Nature published a comprehensive study this week on cardiovascular risk including a total of over 11 million patients that has made a few headlines. The aim was to identify the cause of increased cardiac pathology. It should have been a very simple study comparing four groups:
- Not infected and never vaccinated
- Not infected and vaccinated
- Infected but not vaccinated
- Infected and vaccinated
It is hard to believe the authors did not look at these groups, but whatever was found when comparing them remains a mystery.
Instead, the following groups were compared:
- Not infected and never vaccinated data from 2017
- Not infected, including vaccinated and not vaccinated
- Infected but not vaccinated
- Infected with vaccinated people included but using modelled adjustments
When studies with huge datasets use modelling and fail to share data prior to their adjustments alarm bells should start ringing. Therefore, I took a deeper dive to see what else was questionable.
There were serious biases in the paper which need addressing but first let’s look at the critical question of myocarditis (heart inflammation).
Because of the known risk of myocarditis from vaccination it is worth looking particularly closely at the data presented on this. Oddly, for the issue of the day, the data on myocarditis was all hidden in the supplementary appendix to the paper.
The risk of myocarditis appears to be an autoimmune (the immune system attacking the heart after interaction with the spike protein) rather than direct damage by the virus/vaccine spike protein. Therefore, myocarditis could result from the virus or the vaccine. The key question that needs answering is whether vaccination protects or enhances the risk from the virus.
The authors report 370 per million risk of myocarditis after Covid infection in the unvaccinated. The contemporary control rate was 70 per million and the historic one was 40 per million. What was wrong with the contemporary controls?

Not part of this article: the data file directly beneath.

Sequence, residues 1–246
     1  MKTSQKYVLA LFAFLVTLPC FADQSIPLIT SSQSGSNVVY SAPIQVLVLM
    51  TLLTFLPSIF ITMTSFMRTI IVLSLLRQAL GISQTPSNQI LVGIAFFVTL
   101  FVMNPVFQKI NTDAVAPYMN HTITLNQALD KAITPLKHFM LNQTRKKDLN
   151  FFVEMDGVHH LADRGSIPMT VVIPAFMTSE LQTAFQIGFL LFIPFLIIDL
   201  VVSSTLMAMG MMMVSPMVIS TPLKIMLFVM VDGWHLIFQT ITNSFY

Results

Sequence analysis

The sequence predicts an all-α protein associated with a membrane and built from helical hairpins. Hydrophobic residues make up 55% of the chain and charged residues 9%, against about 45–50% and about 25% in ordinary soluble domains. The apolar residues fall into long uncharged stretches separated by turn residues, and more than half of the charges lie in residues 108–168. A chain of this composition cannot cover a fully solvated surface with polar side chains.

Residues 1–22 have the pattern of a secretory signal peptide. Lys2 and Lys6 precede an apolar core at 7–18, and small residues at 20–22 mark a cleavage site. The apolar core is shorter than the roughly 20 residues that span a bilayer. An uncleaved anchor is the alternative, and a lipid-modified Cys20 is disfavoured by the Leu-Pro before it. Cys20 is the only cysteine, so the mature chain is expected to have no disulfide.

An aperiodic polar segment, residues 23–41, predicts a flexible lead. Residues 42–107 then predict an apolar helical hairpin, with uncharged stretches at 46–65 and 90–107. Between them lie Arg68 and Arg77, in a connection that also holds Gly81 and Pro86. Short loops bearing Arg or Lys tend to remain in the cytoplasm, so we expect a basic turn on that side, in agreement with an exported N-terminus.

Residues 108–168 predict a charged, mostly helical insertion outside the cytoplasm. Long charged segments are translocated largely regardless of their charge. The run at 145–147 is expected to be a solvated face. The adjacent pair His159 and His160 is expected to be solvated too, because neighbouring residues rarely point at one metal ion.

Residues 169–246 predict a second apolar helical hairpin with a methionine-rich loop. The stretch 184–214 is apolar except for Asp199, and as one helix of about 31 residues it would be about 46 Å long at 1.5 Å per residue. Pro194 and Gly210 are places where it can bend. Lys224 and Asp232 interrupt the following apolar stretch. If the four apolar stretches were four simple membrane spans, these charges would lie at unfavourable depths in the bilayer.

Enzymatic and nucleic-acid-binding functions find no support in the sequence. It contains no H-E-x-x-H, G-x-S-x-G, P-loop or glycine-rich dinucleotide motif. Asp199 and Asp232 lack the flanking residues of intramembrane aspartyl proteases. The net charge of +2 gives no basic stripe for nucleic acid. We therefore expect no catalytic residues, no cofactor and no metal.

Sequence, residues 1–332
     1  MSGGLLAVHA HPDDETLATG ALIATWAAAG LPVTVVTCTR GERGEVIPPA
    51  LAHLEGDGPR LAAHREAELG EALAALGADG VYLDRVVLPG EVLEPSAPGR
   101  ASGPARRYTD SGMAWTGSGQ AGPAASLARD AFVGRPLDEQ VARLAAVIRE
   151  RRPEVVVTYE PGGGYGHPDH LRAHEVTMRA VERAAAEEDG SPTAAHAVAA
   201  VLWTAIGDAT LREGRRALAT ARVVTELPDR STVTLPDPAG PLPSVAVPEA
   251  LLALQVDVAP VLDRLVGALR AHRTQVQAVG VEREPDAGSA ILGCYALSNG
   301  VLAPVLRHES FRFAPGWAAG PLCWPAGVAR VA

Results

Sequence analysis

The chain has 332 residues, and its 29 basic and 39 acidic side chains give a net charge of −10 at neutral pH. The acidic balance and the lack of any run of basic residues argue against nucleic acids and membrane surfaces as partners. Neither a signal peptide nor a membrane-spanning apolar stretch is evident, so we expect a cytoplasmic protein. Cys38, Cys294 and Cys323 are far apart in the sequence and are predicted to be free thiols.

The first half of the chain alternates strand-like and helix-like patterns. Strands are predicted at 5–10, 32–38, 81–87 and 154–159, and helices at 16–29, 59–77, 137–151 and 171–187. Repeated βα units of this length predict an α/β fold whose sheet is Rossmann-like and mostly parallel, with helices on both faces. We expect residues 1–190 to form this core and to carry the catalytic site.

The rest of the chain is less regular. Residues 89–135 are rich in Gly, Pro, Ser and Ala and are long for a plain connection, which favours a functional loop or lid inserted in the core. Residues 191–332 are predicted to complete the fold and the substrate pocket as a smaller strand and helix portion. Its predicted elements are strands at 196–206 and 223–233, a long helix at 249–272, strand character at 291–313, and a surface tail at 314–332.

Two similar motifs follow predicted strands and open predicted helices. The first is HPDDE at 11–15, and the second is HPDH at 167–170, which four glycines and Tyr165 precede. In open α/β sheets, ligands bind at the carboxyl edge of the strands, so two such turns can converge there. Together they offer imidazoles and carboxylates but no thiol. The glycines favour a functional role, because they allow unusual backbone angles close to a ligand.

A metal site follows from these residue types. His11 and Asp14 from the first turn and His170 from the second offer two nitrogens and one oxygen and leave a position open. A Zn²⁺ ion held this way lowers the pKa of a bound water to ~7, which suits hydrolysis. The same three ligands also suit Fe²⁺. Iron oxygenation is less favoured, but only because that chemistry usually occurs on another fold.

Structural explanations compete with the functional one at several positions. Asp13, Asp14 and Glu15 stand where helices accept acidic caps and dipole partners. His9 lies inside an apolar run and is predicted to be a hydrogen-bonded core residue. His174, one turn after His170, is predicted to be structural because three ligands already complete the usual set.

They made it clear they removed those who had been vaccinated from the calculation in the Covid arm but they did not state they did this for the control arm. Did vaccination lead to a 30 per million increase in myocarditis in the control arm? Given the cohort appears to be old and we know myocarditis incidence is worse in the young a one in 30,000 incidence is significant.
What about those who were vaccinated and had Covid? Once vaccination (and modelling) were included, the rate rose to 500 per million. It is not entirely clear whether supplementary Table 22 excludes those who were not vaccinated, but given that it does not state the unvaccinated were excluded from this data it is fair to assume the 500 per million relates to the whole population.
Given the higher risk of myocarditis after vaccination one might wonder whether this study showed protection from infection due to vaccination, as this would lower risk from the virus. Hidden in the legends of the supplementary tables the authors reveal that 62% of the Covid patients had been vaccinated compared to 56% of the non-infected controls (not a great advert for vaccine effectiveness against infection).
Using the fact that 62% of the Covid cohort were vaccinated and that the unvaccinated had a rate of 370 per million, to get to an overall rate of 500 per million the vaccinated 62% must have had a rate of 580 per million (580×0.62 + 370×0.38 = 500). Therefore, in those with Covid and vaccination the rate (even after modelling) was 210 per million higher (58% higher) than the unvaccinated with Covid. (If supplementary Table 22 did exclude the unvaccinated the incidence of myocarditis after Covid would have been 35% higher in the vaccinated.) An extra 210 per million works out as an additional risk from vaccination of one in 5,000 among a relatively old population. The 35-58% higher myocarditis rates seen in the vaccinated after Covid compared to the unvaccinated was based only on diagnoses made more than 30 days after their positive Covid test. Any rise in risk in the first 30 day period was censored from the study. How high was it in the first 30 days and for the younger men? This critical question was left unanswered.
The data comprised medical records for U.S. veterans who were 90% male, three quarters white and had a mean age of 63 years.
Two control groups were selected:
- Patients who had used healthcare in 2017 and were still alive in March 2018.
- Patients who had used healthcare in 2019 and were still alive in March 2020.
These groups were compared to patients who tested positive for Covid after March 2020, with each patient being matched to one patient from each control and measuring beginning from the same day as the positive test but two years earlier for the 2018 control.
There was a significant bias between these two control groups and those who tested positive.
The Covid patients (not just those who were sick with it – all those who tested positive) were more obese, saw doctors more often, had more cancer, kidney disease, lung disease, dementia etc.